I know I should get over it and move on. But the responses to Tony Campolo’s shift in his understanding of the church’s approach to people who are gay just keep getting under my skin.

Dr. Michael Brown has weighed in with a 1,000 word “Open Letter To Tony Campolo” at http://townhall.com/columnists/michaelbrown/2015/06/09/an-open-letter-to-tony-campolo-n2010144

Dr. Brown has a Ph.D. in Near Eastern Languages and Literatures from New York University. He has served as adjunct professor of Old Testament at Trinity Evangelical Divinity School in Deerfield, IL and adjunct professor of Jewish apologetics at Fuller Theological Seminary School of World Mission. He has contributed to the Oxford Dictionary of Jewish Religion, and the Theological Dictionary of the Old Testament. He is the author of 25 books. Dr. Brown is a well-educated man.

So, one should take seriously Dr. Brown’s obvious concern that, by softening his position on same-sex relationships, Dr. Campolo has

offended the Lord, rejecting the clear testimony of His Word and – as could be expected, given your stance – not citing a single scripture in support of your new position.

At least, unlike some commentators, Dr. Brown is clear why he is so concerned about Campolo’s new position. Campolo, it turns out, is

now complicit in the potential deception and destruction of both believers and unbelievers alike.

For Dr. Brown, Campolo’s dangerous position is self-evident because,

God’s Word emphatically states that God created men for women and women for men, that marriage, in its divinely intended form, was the lifelong union of a man and a woman, and that homosexual practice was strictly forbidden in all circumstances.

Thus the

Only hope for Campolo is to turn away from his “apostasy” and come to “repentance.”

Dr. Brown ends his “Open Letter” with an appeal to Tony Campolo

Should you wish to dialogue with me in private or in a public setting, my door remains wide open.

But here is the problem. Dr. Brown is not actually open to “dialogue” or conversation. In his letter to Campolo, Brown affirms,

With your typical candor, you stated that, “I am painfully aware that there are ways I could be wrong about” the position you are now espousing.

But then Dr. Brown states bluntly,

You are wrong, dear sir, and unless you were absolutely 100 percent sure of the scriptural truth of your position, you would have done far more good to keep silent than to speak. That would have been the least we could have asked for a leader of your stature.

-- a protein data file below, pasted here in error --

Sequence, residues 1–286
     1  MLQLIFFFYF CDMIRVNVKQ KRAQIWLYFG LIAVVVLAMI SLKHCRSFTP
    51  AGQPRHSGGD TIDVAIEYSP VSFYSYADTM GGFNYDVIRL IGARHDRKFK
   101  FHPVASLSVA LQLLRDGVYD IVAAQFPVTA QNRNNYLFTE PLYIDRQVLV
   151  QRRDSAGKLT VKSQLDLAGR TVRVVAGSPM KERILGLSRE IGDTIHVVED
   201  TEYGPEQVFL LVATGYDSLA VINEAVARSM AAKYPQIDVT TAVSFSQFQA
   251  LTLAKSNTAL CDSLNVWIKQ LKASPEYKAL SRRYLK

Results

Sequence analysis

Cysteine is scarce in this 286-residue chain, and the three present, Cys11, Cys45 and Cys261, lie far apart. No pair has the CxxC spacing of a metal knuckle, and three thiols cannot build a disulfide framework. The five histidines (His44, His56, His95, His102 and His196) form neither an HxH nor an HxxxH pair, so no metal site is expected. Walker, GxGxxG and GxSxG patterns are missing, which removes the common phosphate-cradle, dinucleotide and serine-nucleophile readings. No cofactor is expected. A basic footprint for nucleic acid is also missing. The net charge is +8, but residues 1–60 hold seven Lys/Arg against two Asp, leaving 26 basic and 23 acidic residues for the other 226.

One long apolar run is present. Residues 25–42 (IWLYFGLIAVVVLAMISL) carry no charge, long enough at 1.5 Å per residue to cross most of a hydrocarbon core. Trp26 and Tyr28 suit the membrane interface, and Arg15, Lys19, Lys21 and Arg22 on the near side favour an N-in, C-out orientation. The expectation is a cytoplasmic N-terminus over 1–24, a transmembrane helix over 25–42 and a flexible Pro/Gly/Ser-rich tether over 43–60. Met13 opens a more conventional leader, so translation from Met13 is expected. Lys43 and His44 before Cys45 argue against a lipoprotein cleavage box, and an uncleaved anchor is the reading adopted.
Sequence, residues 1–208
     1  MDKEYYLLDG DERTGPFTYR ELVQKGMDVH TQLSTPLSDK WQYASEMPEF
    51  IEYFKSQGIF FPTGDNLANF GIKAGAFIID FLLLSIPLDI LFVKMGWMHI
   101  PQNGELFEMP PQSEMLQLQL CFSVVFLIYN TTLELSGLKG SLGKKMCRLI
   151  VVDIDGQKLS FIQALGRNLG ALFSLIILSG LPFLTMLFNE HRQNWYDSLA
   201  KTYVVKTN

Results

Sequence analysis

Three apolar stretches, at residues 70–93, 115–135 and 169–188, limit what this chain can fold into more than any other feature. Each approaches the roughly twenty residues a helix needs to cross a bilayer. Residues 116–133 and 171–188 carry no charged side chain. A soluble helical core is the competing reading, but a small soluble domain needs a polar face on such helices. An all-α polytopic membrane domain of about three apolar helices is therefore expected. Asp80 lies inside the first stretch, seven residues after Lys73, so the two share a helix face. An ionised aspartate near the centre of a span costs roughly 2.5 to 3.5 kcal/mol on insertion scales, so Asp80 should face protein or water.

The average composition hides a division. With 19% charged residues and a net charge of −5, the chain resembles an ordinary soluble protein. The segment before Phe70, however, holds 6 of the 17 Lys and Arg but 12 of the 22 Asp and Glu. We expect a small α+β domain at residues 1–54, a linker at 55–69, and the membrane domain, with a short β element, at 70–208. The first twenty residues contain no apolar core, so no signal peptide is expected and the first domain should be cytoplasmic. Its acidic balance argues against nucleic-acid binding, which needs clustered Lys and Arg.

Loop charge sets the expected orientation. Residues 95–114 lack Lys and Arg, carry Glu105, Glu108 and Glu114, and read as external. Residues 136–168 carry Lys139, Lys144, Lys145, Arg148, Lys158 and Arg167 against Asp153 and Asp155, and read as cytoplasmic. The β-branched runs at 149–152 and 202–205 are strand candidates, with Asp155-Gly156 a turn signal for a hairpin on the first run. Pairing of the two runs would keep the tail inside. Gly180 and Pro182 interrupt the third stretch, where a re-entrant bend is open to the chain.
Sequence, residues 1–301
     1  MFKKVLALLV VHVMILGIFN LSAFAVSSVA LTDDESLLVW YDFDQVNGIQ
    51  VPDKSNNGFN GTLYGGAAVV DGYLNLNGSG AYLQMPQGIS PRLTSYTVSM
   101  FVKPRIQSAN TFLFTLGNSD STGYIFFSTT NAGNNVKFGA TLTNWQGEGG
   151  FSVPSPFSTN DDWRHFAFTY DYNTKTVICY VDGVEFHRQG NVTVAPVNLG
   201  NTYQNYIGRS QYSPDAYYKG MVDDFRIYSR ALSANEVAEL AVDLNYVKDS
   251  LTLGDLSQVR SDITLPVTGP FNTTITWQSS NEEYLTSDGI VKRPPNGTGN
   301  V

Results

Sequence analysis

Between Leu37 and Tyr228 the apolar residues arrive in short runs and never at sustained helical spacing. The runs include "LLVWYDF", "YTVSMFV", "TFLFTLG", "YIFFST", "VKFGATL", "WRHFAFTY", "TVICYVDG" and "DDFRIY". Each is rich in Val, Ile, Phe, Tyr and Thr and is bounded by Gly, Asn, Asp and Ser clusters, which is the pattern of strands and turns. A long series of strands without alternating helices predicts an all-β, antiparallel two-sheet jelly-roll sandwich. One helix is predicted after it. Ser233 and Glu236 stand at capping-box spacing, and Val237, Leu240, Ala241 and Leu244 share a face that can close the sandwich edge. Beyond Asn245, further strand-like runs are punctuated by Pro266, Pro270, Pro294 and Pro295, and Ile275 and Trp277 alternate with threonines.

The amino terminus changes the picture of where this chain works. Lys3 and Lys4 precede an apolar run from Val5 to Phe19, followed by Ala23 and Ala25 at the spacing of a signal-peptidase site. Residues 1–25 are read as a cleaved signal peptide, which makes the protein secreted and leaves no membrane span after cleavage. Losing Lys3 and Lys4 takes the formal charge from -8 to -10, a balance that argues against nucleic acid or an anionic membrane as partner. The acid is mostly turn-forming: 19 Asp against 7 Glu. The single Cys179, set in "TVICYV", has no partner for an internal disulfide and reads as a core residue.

How do you enter into “dialogue” with someone you have instructed “to keep silent”?

Here is the real dividing line in the great gay debate. Dr. Brown is apparently “100 percent sure” about his position. People who are “100 percent sure” of their position, do not have conversations.

Conversation implies the possibility of change. It suggests that both people in the “dialogue” are open to learning, to receiving new insights, and growing in their understanding. Having “100 percent” certainty, Dr. Brown is unable to have a conversation. His only reason for keeping his door “wide open” is to convince Dr. Campolo of the error of his ways.

The “dialogue” door is only really open when both sides are willing to listen deeply and respectfully.

Dr. Brown is not interested in listening to anyone whose “emotions” and “compassion” might cause them to fail to be “held back by the teaching of Scripture” from a practice that in the Bible is “strictly forbidden in all circumstances.”

His door is not open to the experience of people who are gay. He is only willing to sit on his side of the great divide and hurl invective against those whose “apostasy from God’s Word” might cause them to dare to disagree with what Dr. Brown sees as “the clear and unambiguous testimony of the Bible.”

Christians will never gain a sympathetic hearing for our spiritual vision as long as we continue to sit behind our elaborately constructed wall of certainty, throwing our “truth” at all those who sit in error on the wrong side. We need to venture out from our little ghetto of certainty and listen with deep compassion and humility to those whose life experience has brought them to a different place. Only then might our door be truly open to conversation.

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